-Lin-Manuel Miranda, Hamilton: The Musical
There are some moments where you feel like you’re part of history happening. Sometimes those moments are big and revolutionary. Sometimes, you’re playing Pokemon GO.
Wait, stay with me here.
I started playing Pokemon Go the week it was released in the US, with very little hesitation. I’m not the most hardcore player, but it’s definitely become a part of my week. There was at least one week where I specifically went out to parks to play it with friends almost every day. My friends and I have made the Tualatin Commons are standard meeting ground most weekends, and we walk around and chat while stocking up on Magikarps and Charmanders (yes, we all have a Gyarados at this point). Occasionally, I have one of those out-of-body experiences, where I look around at what we’re doing, and think: how weird is this?
To other people (non-players), we must look kind of crazy. The Commons is a man-made lake, with Pokestops sprinkled all along it (which are almost constantly lured to attract more Pokemon), and every night there are players out there for hours just walking around, phones out, stocking up on items and catching Pokemon. Occasionally, something rare will pop up, and you’ll hear the murmurs take hold (“Snorlax!” “Did you get the Dragonair?” “There’s a Magmar that way!”). More than once, we’ve taken off running, quickly joined by other players we’ve never met. It’s fun. It’s exhilarating. It’s like being a little kid again.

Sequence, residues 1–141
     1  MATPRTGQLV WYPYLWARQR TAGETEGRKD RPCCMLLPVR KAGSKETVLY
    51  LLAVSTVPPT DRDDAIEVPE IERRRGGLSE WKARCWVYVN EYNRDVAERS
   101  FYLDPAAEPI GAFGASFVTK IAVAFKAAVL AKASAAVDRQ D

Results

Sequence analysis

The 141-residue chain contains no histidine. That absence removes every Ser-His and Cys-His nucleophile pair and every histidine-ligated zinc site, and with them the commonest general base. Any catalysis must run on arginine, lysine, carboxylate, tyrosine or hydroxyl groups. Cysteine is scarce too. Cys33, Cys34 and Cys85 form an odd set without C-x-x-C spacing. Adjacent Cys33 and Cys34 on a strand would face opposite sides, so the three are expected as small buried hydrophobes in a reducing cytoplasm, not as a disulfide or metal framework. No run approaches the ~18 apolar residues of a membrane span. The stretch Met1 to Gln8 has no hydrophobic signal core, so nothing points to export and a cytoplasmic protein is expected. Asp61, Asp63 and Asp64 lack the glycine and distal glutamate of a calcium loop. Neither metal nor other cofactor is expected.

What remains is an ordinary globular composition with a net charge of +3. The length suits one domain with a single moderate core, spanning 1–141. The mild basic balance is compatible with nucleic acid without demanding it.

And yes, it is a little weird.
But it’s also special. I don’t know how long this game will hold this fascination for me, or for anyone else. I don’t know if this is a trend, or a change in how we, as a culture, approach games. Either way, I feel especially privileged to be at this point in its history. It’s new. Not all the original 151 are even released yet. The pros are still figuring out all the little tricks and Easter eggs in the game, while the rest of us are still just trying to “catch ’em all” as best as we can. There are countless features that haven’t even been announced yet. This frustrates some players, but I think it’s kind of awesome. We’re seeing it build itself, and our use of the game will help influence how they build it.
This game isn’t like previous Pokemon games. It isn’t like any game I’ve ever played before. I couldn’t imagine caring about Pokemon again, at age 29. Of course, it’s not like it was when I was 12, and it’s not the same as if I’d been part of the fandom for years, but it’s amazing to me that it drew me back in after so long. What impresses me even more is how many people I know who are into GO, but have never played a Pokemon game before. It’s creating a new audience. Whether that audience will stick or not, or transfer to other Pokemon games, is yet to be seen. But it’s definitely creating something new.
Some people hate the game. Most of these people have never played it, and are just reacting to the hype, or to the image of people walking around glued to their phones. But it really is a social, interactive experience. And a consuming one. It’s not like other app games, which you can play in minute chunks when you’re bored. Pokemon GO requires you to get up, move, go to new places. We make an evening out of it; starting with dinner (usually a restaurant we’ve never been to before), leading into hours of walking and chatting (yes, with an eye on our phones), often ended with ice cream or even a movie, when we get tired of walking. Along the way, we meet people, discover new stores, and get a good amount of excercise. It’s helping people; it’s helping the economy.
And, remember, this is only just the beginning.